Running Time in the Title
"That was a long, long teaser. Nine minutes, counting the "previously"s. Which, if you assume the episode is the standard forty-two minutes long, means the rest of the episode is...they're cute bastards, aren't they?"
What could be easier than naming your television series, radio broadcast, hit song, or other creative work
after its running time? It doesn't have to be correct to the second, just make it close. On commercial television, ad breaks are generally included as part of the calculation.
Similarly-inspired approaches to titling include No Title
and the Self-Titled Album
"Exactly what it says on the tin" is reserved for programs with only
the running time in the name.
- 52 was a weekly comic book series that ran for a year. Thus, it had 52 issues. Originally, 52 was just a working title, but they couldn't think of a better one, so it stayed.
- 24. An action/crime drama. 24 episodes in a season, one hour (including ads) each. Season running time: Twenty four hours!
- 60 Minutes. News investigation.
- The Hour. George Stroumboulopoulos' talk show on CBC.
- This Hour Has 22 Minutes. A satire/news show.
- Running time: Half an hour minus commercials. Twenty-two minutes.
- PBS NewsHour.
- The 1/2 Hour News Hour on Fox News.
- Running time: 30 minutes.
- 1/2 Hour Comedy Hour. Stand-up comedy clip show on Comedy Central.
- Running time: 30 minutes.
- The Smothers Brothers Comedy Hour.
- Hancock's Half Hour, a radio show, and later a TV show starring Tony Hancock. There was also a TV special called Hancock's Forty-Three Minutes.
- Running time: 30 minutes and 43 minutes, respectively.
- 40 Minutes. BBC2 TV in the 80s had a 40-minute spare slot which they filled with a catch-all documentary anthology.
- 60 Seconds is a news bulletin on BBC3.
- Al Murray's Happy Hour, a chat show (should be noted that due to its other meaning, not all shows named Happy Hour run for an hour).
- Running time: One hour, including advertisements.
- Also, Jack Dee's Happy Hour. He would begin every episode with explaining that it was neither happy nor an hour, until the last episode when he gave up and said it was.
- "42", an episode of Doctor Who.
- Running time: 44 minutes. Approximately 42 minutes, not including titles and credits.
- The Ronnie Johns Half Hour which was about 40 minutes per episode, plus adverts.
- 31 Minutos, the famous Chilean show, which was 30 minutes long, adverts included.
- Sixty Minute Makeover, ITV home improvement show.
- Running time: 60 minutes, including adverts. It also takes place (allegedly) in an hour realtime.
- The Hour, BBC drama about a Prime Time News show (of the same name) in The Fifties.
- Pat Paulsen's Half a Comedy Hour, a short-lived 1970 American series featuring comedian (and perennial Presidential candidate) Paulsen.
- Running time: 30 minutes.
- ZUN's supplementary Music CD, entitled Retrospective 53 Minutes.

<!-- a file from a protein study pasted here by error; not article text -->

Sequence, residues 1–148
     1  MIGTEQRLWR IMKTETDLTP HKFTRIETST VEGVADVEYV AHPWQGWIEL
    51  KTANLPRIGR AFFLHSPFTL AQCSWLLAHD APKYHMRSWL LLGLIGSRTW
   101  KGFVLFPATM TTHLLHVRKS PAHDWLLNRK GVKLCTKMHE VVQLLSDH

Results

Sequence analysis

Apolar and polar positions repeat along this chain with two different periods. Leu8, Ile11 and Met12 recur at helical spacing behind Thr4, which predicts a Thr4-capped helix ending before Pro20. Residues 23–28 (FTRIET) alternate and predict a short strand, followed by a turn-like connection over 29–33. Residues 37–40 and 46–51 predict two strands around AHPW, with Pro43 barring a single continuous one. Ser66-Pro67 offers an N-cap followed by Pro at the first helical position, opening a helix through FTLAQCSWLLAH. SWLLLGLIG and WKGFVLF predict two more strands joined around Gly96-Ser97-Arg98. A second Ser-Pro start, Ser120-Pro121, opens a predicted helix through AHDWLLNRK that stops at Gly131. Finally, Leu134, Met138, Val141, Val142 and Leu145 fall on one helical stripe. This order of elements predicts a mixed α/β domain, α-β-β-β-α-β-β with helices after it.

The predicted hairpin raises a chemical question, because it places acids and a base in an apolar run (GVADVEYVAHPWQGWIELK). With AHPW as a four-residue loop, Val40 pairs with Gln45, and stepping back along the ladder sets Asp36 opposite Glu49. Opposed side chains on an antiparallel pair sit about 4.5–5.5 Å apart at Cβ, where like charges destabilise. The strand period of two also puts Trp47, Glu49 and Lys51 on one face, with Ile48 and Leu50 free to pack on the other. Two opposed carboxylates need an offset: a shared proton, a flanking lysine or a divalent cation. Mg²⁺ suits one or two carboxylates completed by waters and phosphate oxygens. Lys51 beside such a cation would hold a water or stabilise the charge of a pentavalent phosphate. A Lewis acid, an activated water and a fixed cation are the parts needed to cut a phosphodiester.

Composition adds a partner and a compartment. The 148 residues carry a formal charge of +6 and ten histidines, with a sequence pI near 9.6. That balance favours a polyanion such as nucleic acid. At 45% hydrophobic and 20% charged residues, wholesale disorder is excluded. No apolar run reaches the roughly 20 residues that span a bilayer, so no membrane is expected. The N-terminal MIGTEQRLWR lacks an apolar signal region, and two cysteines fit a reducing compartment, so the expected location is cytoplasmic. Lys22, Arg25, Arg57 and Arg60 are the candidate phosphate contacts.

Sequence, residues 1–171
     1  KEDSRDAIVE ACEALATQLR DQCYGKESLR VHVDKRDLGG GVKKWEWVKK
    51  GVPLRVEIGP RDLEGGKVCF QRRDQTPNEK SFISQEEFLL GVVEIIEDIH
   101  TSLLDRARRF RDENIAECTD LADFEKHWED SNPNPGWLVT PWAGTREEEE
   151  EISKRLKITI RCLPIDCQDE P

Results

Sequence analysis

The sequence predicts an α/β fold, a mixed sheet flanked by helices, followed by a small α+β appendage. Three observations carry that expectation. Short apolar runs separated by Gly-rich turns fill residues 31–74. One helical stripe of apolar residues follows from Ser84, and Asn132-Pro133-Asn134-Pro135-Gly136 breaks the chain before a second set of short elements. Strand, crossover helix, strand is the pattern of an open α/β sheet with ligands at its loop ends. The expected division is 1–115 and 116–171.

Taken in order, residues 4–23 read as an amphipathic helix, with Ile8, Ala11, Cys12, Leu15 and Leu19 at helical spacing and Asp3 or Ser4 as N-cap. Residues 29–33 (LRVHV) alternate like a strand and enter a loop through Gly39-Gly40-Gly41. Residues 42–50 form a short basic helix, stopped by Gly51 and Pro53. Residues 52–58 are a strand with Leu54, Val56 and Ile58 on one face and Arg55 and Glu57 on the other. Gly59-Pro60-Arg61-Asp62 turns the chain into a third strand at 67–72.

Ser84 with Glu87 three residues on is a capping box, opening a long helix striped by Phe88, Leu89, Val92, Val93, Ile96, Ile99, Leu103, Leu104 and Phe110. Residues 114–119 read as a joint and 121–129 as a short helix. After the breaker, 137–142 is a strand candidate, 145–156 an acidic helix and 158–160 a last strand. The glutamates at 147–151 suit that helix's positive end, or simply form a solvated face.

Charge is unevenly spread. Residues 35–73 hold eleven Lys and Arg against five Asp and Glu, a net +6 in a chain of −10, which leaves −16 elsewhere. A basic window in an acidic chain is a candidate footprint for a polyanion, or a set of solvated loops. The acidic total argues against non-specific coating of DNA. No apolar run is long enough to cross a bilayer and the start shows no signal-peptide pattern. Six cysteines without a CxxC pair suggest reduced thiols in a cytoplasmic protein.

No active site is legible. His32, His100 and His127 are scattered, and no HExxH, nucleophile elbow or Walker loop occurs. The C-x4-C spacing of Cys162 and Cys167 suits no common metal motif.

- The album version of Madonna's song "Four Minutes" runs more or less four minutes.
- Running time: 4 minutes, 4 seconds.
- John Cage's 4'33", according to The Other Wiki, "was composed in 1952 for any instrument (or combination of instruments), and the score instructs the performer not to play the instrument during the entire duration of the piece."
- Running time: Exactly What It Says on the Tin.
- Or not - there's no indication to use any sort of time measurement, only to approximate four minutes and thirty-three seconds, and divide into three movements.
- From the soundtrack of Cowboy Bebop The Movie is a song called "7 Minutes."
- Running time : 6 minutes, 48 seconds.
- The song "21 Seconds" by So Solid Crew
- Running time: Several 21-second segments add up to 5 minutes.
- The title of the song was chosen because twenty-one seconds is the maximum amount of time any one member of the group was allowed to have behind the mic, assuming a democratic distribution of time (needless to say, the group had a LOT of members).
- The "Minute Waltz" by Chopin.
- Running Time: Usually somewhere between 1:30-2:00. It's suggested that "minute" is supposed to refer to smallness.
- Actually, yes. The "Minute Waltz" is just the popular name for the first waltz of Chopin's work "Trois Valses" (three waltzes), from 1847. So this was originally a No Title. In any case, it's much better of a name than its dull referential title: "Waltz in D flat major, Op. 64, No. 1".
- Played for Laughs in Les Luthiers "Vals del Segundo" ("The Second Waltz"; which is actually the first one ("second" as in 1/60th of a minute, not as in "after a first one")).
- The Bad Religion song "52 Seconds" from New Maps of Hell
- Running time: The song starts with some silence making the length 58 seconds, however the song itself is around 52 or 53 seconds.
- From the Bemani games: The least 100 sec. and 100sec. Kitchen Battle!!.
- Running Time: 1 minute, 40 seconds. The former has a long version, titled The least 333 sec., which runs for 5 minutes, 33 seconds.